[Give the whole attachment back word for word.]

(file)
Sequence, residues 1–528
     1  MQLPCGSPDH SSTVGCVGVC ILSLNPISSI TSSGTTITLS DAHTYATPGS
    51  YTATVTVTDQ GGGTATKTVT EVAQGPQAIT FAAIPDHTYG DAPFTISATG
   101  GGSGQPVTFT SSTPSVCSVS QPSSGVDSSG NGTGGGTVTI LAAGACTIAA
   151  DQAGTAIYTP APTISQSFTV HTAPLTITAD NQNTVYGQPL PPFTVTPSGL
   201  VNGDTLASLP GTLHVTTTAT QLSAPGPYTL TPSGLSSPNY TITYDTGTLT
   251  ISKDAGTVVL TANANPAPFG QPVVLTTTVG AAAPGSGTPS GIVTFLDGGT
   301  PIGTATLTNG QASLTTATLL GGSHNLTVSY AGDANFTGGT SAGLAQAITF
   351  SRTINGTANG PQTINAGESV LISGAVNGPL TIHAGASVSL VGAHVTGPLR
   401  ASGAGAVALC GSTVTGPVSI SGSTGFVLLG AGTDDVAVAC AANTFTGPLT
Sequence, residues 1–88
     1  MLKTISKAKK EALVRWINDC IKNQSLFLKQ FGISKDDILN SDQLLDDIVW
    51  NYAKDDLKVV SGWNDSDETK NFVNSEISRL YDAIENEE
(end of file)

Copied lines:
Sequence, residues 1–528
     1  MQLPCGSPDH SSTVGCVGVC ILSLNPISSI TSSGTTITLS DAHTYATPGS
    51  YTATVTVTDQ GGGTATKTVT EVAQGPQAIT FAAIPDHTYG DAPFTISATG
   101  GGSGQPVTFT SSTPSVCSVS QPSSGVDSSG NGTGGGTVTI LAAGACTIAA
   151  DQAGTAIYTP APTISQSFTV HTAPLTITAD NQNTVYGQPL PPFTVTPSGL
   201  VNGDTLASLP GTLHVTTTAT QLSAPGPYTL TPSGLSSPNY TITYDTGTLT
   251  ISKDAGTVVL TANANPAPFG QPVVLTTTVG AAAPGSGTPS GIVTFLDGGT
   301  PIGTATLTNG QASLTTATLL GGSHNLTVSY AGDANFTGGT SAGLAQAITF
   351  SRTINGTANG PQTINAGESV LISGAVNGPL TIHAGASVSL VGAHVTGPLR
   401  ASGAGAVALC GSTVTGPVSI SGSTGFVLLG AGTDDVAVAC AANTFTGPLT
Sequence, residues 1–88
     1  MLKTISKAKK EALVRWINDC IKNQSLFLKQ FGISKDDILN SDQLLDDIVW
    51  NYAKDDLKVV SGWNDSDETK NFVNSEISRL YDAIENEE